Women with four-year college degrees are much more likely to have children in their 30s Women who had a child in 2010 by educational attainment, in thousands 800 700
Ages 15–29 Ages 30–44
300 200 100 0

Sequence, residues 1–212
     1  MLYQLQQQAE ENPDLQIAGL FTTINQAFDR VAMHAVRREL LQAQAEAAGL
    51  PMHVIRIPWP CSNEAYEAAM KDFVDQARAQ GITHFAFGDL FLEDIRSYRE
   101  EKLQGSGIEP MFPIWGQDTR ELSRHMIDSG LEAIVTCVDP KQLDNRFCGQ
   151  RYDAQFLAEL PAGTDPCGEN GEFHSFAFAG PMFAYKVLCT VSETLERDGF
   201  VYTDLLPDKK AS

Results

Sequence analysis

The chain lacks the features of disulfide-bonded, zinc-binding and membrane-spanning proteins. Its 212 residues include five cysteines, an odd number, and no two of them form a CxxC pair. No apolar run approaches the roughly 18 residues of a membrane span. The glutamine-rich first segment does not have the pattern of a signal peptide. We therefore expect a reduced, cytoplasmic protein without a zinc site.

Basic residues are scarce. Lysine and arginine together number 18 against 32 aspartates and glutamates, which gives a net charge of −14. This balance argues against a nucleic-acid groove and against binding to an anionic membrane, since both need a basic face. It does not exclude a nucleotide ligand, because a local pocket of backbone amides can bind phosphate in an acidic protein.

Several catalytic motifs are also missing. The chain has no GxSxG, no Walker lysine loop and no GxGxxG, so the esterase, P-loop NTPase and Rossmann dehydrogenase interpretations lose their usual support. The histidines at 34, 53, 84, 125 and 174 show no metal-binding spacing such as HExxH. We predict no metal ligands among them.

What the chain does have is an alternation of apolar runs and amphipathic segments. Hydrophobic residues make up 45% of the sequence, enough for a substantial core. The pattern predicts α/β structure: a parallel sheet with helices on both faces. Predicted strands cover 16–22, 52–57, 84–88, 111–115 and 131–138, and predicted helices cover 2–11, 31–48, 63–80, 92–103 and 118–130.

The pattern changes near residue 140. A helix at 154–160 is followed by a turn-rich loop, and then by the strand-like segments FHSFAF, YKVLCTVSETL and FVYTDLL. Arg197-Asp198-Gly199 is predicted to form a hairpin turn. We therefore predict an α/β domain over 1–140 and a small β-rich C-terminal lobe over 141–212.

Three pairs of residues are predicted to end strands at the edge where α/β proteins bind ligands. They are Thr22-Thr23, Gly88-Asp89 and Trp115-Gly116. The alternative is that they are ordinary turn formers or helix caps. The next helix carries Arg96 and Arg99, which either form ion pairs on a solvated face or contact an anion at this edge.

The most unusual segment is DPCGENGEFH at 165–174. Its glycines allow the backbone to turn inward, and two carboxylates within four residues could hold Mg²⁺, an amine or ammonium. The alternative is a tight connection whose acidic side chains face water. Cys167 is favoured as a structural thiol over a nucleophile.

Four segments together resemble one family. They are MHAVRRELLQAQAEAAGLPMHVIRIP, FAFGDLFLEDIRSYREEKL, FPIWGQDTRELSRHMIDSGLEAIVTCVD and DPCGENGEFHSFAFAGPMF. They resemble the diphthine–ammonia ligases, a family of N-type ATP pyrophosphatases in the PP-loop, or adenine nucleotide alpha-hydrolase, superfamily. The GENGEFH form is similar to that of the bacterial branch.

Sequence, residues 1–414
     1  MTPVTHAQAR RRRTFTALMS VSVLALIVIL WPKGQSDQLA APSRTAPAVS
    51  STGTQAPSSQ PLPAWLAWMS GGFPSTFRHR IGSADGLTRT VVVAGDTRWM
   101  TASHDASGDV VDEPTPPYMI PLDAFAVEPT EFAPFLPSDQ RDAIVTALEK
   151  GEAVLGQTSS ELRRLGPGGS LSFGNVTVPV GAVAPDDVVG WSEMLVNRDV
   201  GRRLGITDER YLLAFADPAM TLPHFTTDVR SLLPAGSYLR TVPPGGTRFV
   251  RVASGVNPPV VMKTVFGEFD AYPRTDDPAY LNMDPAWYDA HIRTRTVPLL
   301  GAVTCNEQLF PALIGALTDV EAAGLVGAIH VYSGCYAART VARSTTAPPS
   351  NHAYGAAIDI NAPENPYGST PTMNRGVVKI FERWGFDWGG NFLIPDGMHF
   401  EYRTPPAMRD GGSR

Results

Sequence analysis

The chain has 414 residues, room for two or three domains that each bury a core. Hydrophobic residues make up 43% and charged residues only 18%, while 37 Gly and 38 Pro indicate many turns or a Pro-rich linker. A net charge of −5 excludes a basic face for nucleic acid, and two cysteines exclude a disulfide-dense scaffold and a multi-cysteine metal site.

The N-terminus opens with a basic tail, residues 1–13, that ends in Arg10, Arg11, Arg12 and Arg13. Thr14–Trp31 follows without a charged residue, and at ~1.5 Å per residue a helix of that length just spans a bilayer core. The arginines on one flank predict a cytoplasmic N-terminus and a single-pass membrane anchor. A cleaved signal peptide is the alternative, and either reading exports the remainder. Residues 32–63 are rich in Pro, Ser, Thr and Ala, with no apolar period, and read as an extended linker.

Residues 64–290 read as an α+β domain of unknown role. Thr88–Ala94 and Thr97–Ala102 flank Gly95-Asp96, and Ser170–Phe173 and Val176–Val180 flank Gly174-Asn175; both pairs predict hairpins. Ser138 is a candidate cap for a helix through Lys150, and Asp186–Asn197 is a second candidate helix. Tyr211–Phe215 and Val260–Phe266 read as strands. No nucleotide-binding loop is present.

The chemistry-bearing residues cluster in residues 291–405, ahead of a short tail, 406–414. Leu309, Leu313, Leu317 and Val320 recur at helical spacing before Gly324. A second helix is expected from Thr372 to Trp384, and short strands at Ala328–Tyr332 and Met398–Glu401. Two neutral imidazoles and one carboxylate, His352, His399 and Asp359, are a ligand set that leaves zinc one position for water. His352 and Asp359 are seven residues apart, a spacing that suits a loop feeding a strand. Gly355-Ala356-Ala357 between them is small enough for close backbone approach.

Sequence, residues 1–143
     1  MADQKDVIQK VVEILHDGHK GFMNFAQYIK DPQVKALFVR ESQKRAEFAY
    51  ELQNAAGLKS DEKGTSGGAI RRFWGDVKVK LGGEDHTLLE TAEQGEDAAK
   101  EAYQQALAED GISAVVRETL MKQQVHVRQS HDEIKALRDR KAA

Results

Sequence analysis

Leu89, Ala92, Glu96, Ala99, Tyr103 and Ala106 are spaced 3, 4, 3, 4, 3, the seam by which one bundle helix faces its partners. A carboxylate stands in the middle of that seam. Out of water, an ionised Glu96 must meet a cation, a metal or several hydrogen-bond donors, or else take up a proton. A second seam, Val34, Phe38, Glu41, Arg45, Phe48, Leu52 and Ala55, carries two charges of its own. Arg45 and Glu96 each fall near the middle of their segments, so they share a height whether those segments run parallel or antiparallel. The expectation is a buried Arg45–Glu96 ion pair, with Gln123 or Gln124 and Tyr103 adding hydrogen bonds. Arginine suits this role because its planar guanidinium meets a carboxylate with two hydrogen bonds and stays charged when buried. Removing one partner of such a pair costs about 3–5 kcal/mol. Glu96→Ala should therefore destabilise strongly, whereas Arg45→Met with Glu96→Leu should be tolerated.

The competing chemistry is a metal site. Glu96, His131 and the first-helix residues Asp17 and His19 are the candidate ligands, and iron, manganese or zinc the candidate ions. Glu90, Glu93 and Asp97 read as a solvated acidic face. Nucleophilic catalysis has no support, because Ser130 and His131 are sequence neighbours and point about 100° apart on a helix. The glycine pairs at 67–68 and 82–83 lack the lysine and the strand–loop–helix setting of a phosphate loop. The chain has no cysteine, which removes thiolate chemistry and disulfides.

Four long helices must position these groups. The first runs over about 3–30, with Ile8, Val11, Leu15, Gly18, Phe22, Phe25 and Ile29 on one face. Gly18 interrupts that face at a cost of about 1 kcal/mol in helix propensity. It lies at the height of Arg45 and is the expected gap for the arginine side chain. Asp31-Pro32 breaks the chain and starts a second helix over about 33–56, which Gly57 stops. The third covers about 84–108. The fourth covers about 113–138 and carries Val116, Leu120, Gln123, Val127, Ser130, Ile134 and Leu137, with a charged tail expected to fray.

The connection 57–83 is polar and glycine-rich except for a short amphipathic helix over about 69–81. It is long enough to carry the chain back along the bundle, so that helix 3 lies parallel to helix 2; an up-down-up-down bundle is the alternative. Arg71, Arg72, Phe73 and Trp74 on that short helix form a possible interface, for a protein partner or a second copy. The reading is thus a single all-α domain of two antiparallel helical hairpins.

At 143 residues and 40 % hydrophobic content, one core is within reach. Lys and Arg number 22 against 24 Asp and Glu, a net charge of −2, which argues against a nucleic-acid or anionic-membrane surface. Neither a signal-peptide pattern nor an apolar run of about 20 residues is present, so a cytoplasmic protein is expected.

281 141 Less than a high school degree
High school degree
Bachelor's degree or more
Source: Bureau of the Census, Statistical Abstract of the United States: 2012 (U.S. Department of Commerce, 2012) Table 90, available at https://www.census.gov/compendia/statab/2012/tables/12s0090.pdf.